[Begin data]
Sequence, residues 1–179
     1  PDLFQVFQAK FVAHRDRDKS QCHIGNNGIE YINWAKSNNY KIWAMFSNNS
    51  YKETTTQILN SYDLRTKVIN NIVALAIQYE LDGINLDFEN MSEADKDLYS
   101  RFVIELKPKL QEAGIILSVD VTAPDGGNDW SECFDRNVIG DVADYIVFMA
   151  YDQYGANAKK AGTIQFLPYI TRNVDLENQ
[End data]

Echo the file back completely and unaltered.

Sequence, residues 1–179
     1  PDLFQVFQAK FVAHRDRDKS QCHIGNNGIE YINWAKSNNY KIWAMFSNNS
    51  YKETTTQILN SYDLRTKVIN NIVALAIQYE LDGINLDFEN MSEADKDLYS
   101  RFVIELKPKL QEAGIILSVD VTAPDGGNDW SECFDRNVIG DVADYIVFMA
   151  YDQYGANAKK AGTIQFLPYI TRNVDLENQ